Robert G. Bailey
North America contains a great variety of ecosystems, including mountains, deserts, tropical savannas, areas of permanently frozen subsoil, forests, and steppes. Ecosystems are primarily products of climate. As a source of energy and moisture, climate acts as the primary control for ecosystem distribution. As the climate changes, the other components of the system change in response, although such responses often lag behind climate change and may, through feedback mechanisms, influence climate (see chapters 3 and 11). Climate influences soil formation, helps shape surface topography, and affects plant growth and animal communities, which in turn influence the suitability of a given system for human habitation. As a result, ecosystems of different climates differ significantly.
This chapter provides a comprehensive summation of much that has been presented in previous chapters. It offers a scheme that embraces climatic factors, vegetation ecology, geomorphology and soils to delineate the ecoregions of North America. These regions may not concide precisely with regions based on other criteria, because ecosystems respond to a complex mix of factors. Nevertheless, the scheme presented herein offers a viable summation of North America's natural landscapes, relevant not only to the subsequent discussion of selected regions, but also to the broader understanding of such issues as environmental management.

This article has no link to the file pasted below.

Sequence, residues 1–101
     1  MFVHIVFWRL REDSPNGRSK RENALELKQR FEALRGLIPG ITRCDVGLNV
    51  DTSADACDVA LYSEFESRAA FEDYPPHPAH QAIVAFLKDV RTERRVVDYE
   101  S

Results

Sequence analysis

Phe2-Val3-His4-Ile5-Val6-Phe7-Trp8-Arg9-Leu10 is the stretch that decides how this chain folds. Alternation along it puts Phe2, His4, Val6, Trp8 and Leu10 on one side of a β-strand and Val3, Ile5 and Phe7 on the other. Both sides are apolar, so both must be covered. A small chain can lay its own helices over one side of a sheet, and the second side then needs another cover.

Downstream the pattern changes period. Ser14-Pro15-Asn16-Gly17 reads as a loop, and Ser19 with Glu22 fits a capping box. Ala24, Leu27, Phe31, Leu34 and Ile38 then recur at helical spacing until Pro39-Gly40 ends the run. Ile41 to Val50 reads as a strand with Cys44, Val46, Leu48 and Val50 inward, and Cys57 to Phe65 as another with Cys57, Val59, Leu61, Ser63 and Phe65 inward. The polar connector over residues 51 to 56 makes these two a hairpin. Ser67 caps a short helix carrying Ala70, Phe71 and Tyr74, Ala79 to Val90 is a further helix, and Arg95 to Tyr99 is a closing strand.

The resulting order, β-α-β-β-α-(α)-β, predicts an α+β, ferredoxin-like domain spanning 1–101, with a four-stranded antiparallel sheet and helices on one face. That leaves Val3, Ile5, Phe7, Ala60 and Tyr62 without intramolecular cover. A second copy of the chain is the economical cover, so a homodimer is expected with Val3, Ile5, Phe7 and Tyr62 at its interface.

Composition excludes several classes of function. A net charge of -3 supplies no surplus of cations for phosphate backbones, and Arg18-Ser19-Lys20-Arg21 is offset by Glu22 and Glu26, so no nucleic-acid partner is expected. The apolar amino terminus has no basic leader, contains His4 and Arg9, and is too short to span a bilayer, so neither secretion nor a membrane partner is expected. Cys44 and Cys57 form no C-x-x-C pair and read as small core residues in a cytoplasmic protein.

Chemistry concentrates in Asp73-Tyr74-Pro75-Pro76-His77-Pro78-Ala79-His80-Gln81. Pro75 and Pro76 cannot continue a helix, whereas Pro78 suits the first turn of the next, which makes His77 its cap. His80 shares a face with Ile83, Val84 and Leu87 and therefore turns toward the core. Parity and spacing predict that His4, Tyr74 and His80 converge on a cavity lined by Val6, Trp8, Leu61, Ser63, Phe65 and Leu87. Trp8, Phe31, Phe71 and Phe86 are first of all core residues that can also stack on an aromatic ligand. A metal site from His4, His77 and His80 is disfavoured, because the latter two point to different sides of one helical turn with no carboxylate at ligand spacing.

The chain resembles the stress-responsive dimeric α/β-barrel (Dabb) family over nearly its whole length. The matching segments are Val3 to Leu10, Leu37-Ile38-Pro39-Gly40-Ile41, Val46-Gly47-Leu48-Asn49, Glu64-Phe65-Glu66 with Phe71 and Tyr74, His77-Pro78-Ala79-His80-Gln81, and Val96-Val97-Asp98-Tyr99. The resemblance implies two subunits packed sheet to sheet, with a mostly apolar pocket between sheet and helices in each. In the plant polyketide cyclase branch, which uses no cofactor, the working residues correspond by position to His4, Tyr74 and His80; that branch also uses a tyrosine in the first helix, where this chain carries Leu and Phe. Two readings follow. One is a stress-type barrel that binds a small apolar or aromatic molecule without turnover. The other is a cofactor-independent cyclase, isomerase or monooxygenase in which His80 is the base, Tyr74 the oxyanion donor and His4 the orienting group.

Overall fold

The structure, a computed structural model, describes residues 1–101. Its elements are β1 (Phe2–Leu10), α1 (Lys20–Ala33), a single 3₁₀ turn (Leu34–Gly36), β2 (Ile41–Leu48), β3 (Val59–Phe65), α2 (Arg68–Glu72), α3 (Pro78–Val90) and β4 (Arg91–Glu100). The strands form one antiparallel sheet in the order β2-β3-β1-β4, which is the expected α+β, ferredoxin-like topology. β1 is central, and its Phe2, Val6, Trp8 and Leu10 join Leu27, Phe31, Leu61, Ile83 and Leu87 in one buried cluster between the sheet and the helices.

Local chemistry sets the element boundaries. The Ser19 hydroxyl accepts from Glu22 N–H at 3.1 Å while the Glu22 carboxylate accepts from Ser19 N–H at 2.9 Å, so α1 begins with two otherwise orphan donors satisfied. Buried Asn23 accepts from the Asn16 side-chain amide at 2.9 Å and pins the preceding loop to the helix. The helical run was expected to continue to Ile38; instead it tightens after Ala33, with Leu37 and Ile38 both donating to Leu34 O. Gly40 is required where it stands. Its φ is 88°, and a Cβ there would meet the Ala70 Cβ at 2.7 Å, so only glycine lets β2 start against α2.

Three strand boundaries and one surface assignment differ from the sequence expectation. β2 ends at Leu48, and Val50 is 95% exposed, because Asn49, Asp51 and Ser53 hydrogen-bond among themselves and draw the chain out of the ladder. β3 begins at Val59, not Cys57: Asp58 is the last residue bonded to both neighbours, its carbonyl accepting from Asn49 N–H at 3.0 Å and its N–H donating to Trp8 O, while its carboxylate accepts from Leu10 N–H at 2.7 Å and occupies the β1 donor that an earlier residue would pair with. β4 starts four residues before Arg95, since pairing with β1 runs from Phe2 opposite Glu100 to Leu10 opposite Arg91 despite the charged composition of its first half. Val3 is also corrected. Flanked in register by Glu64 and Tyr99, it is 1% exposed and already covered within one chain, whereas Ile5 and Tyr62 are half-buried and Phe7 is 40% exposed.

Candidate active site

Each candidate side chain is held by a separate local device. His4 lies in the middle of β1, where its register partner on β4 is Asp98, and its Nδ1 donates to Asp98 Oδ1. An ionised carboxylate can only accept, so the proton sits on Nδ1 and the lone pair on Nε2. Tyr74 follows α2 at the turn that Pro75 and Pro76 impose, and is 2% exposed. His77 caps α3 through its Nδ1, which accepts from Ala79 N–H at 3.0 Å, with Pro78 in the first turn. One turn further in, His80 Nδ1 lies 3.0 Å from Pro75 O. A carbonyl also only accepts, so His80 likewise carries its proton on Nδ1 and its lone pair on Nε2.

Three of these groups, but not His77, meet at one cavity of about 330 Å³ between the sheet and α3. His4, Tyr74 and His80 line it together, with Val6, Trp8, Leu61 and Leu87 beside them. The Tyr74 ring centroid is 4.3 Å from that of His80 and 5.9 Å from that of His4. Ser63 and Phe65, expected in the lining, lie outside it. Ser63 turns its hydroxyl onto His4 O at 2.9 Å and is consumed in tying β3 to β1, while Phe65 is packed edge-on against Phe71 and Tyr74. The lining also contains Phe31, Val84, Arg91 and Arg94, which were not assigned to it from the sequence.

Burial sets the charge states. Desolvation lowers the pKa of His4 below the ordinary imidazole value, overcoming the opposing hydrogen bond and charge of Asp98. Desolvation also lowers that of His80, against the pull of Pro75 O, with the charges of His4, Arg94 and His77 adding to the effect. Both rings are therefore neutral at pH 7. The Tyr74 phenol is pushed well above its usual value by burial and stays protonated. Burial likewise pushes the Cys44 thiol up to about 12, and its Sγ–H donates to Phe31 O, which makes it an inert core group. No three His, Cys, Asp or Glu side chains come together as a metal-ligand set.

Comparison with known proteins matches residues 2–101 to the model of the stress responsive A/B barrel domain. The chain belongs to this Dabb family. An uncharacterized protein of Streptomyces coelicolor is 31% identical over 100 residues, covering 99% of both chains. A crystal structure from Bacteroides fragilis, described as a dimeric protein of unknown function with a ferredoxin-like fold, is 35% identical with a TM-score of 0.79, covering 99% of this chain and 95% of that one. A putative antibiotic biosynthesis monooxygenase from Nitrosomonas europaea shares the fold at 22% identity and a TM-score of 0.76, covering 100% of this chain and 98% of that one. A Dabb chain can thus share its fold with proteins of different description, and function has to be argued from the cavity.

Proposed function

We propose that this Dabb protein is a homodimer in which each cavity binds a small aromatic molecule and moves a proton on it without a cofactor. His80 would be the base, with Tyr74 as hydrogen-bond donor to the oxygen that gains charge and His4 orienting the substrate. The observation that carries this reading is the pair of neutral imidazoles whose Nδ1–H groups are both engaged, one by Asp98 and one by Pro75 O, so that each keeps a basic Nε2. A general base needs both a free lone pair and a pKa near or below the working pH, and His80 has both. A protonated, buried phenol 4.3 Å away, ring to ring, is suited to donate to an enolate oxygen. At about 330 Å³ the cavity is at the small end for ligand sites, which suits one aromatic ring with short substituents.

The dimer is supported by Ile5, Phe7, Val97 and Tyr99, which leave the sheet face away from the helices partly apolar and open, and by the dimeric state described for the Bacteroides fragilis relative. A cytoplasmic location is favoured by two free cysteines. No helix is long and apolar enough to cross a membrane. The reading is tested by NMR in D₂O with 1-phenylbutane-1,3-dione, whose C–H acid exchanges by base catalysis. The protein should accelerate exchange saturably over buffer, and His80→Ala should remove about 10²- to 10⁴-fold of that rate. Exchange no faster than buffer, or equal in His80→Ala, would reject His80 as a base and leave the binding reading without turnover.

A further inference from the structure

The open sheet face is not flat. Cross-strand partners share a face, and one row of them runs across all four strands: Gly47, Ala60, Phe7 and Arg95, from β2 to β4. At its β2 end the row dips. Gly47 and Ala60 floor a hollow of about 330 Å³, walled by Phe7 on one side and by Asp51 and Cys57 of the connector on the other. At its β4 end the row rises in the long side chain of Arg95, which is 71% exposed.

Based on climatic conditions and on the prevailing plant associations determined primarily by those conditions, we can subdivide the continents into various ecosystems. The climatic classification developed by Köppen (1931) as modified by Trewartha (1968) is adaptable for this purpose. The Köppen-Trewartha classification identifies six main groups of climate, and all but one—the dry group—are thermally defined. These groups are subdivided into 15 types based on seasonality of precipitation or on degree of dryness or cold. They range from the ice caps at high latitudes to the tropical wet climates at low latitudes.
Trewartha's (1968) climate groups are briefly described as follows. The low latitudes contain a winterless, frostless belt with adequate rainfall. This is the tropical-humid climate or A group. It is subdivided into two types, tropical wet (Ar) and tropical wet and dry (Aw). The subtropical belt, or C group, occurs on the low-latitude margins of the middle latitudes, where winters are mild and killing frosts are only occasional. Two subdivisions are recognized: subtropical dry summer (Cs) and subtropical humid (Cf). Poleward from the subtropics is the temperate belt, or D group, which contains two types, temperate continental (Dc) and temperate oceanic (Do). Two subtypes of temperate conti-